Editor's Note: This story was originally published in September 2016. On June 11, 2018, Joan Kibbe passed away following a brief illness. We are republishing this story in her memory.
Joan Kibbe was a graduate music student at Syracuse University in the early 1960s when she discovered the music of Gustav Mahler. While taking classes in what is now the Rose, Jules R. and Stanford S. Setnor School of Music in the College of Visual and Performing Arts, she studied the Austrian composer’s “Das Lied von der Erde” (“The Song of the Earth”), a symphonic song cycle that reflects the uncertainties, sorrows and fleeting pleasures experienced by mortals in life’s journey. Kibbe found the concluding text of the sixth and final song, “Der Abschied” (“The Farewell”) to be especially moving.
Everywhere the lovely earth once again greens and blossoms into spring.
Everywhere, forever, distant spaces shine blue! Forever…forever…forever….
“The German word for ‘forever’ is ‘ewig,’ and it is repeated seven times until the music dies away to silence,” notes Kibbe.
Fast forward to 2016 when Kibbe, who earned both her undergraduate and graduate degrees in music at Setnor, was making a gift to the University in honor of her music classmate and longtime friend, Ellie Daubenthaler Felice ’60. While visiting VPA’s website, Kibbe noticed the opportunity to contribute to the Crouse College Chimes Project, which included the installation of four new bronze-cast bells, among other improvements. She decided to underwrite the cost of one of the new bells.
“It was, for me, a perfect fit,” says Kibbe. “The chimes of Crouse College, together with the Crouse auditorium (now Setnor), with its incredible ceiling, stained glass windows and iconic Holtkamp organ, plus the carved double staircase magnificently framing Winged Victory, are the tangible heart and spirit of the building.”
Though she never rang the chimes (“Climbing ladders has never been my forte!”), Kibbe has special memories of the chimes, including one from her senior year, when she was member of the SU Symphony Orchestra under the direction of Professor Louis Krasner. As part of the 1959 Commencement festivities, the orchestra gave a performance on the evening of May 30 in Archbold Gymnasium.
“The last piece on the program was Tchaikovsky’s ‘1812 Overture,’ whose final section calls for cannon blasts and chiming bells. The windows were all open; it was a warm night,” she recalls. “This was to be a ‘first’ for us in the orchestra, including Mr. Krasner, for cannons do not attend rehearsals. At the right moment, through walkie-talkie service provided by the
Army ROTC, signals were sent to Alpha Tau Omega cannoneers in Archbold Stadium and to the Delta Kappa Epsilon carillonneur in Crouse Tower, and lo and behold— it all worked! That is one of my most cherished memories of those great chimes.”
As the underwriter of a new bell for the Chimes Project, Kibbe had the opportunity to inscribe it at her discretion. She was inspired to use the word concluding Mahler’s “Das Lied von der Erde” first studied at Crouse 56 years ago: “Forever.”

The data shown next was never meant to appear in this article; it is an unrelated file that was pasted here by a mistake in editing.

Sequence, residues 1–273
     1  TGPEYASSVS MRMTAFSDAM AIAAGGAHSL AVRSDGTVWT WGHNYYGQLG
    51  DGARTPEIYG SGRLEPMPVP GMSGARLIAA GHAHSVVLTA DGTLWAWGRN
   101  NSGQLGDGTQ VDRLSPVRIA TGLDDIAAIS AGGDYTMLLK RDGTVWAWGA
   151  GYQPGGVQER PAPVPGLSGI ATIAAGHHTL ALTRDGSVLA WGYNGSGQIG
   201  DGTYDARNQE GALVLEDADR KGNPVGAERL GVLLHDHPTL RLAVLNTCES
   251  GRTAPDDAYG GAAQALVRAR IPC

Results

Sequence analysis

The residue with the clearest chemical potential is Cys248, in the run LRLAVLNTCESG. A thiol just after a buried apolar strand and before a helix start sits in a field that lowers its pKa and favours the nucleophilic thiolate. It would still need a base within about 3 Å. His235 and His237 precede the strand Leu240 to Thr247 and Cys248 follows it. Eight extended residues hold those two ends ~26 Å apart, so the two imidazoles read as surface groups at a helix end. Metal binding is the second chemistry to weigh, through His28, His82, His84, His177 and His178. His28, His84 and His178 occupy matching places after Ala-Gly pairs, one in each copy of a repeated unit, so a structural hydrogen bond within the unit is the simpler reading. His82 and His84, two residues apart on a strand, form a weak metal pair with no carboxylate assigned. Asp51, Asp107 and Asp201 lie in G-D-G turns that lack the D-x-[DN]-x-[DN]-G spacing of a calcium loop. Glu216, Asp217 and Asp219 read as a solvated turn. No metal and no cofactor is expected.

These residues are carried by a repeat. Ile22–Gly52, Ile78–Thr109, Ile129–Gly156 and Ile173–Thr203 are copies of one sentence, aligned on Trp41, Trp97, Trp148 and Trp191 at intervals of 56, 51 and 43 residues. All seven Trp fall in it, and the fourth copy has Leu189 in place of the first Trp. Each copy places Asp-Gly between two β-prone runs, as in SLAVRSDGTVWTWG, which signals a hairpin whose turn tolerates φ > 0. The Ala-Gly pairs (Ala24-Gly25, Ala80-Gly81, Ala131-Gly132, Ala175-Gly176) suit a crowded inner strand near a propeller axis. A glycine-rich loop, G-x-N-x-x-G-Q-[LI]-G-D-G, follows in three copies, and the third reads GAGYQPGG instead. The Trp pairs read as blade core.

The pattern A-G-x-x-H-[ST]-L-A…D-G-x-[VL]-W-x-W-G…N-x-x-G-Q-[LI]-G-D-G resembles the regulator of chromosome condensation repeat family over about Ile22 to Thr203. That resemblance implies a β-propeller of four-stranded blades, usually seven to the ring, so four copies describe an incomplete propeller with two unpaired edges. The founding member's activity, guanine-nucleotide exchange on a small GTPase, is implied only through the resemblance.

“It met my desire to find a single word which in itself was neutral, yet inclusive,” explains Kibbe.
The word “forever” also brought back another special moment to Kibbe from her 1959 Commencement in Archbold Stadium.
“We instrumental music students were required to play in the band as our final obligation,” she recalls. “My parents were seated in the stadium. I will add that my mother had not been supportive of my transfer to SU from a small women’s college in our home state of Massachusetts. At one point the band played Sousa’s ‘Stars and Stripes Forever,’ with its bright piccolo solo part. When she heard this music over the amplification system, she knew I was playing one of my (and her) favorite pieces. Months later, my father confided to me that she was quite overwhelmed by the significance of the ceremony and tearfully said to him, ‘I’ll remember this day forever.’”
After earning her graduate music degree in 1963, Kibbe taught in Syracuse public schools for seven years, later completed a teaching certificate program from the Kodály Music Training Institute at the University of Hartford in Connecticut and spent the majority of her career teaching in public and private schools, kindergarten through college levels, in and around Keene, New Hampshire. Now retired, she and her husband, Richard Scaramelli, enjoy attending to gardens on their 19th-century homestead and contributing to civic life in their New Hampshire town. She continues to be a “forever” fan of her Syracuse education.
“It gave me a solid base of knowledge, new experiences, new friends and daily immersion in music,” she says. “The memories and influences of my extraordinary teachers have certainly contributed to my joyful and successful career as a teacher and musician of more than 40 years.”
If you or someone you know would like to make a lasting impact on this Syracuse University landmark, you can make a contribution to the project. We encourage alumni to donate online via our secure giving site, knowing that your gift will “ring true” for generations to come!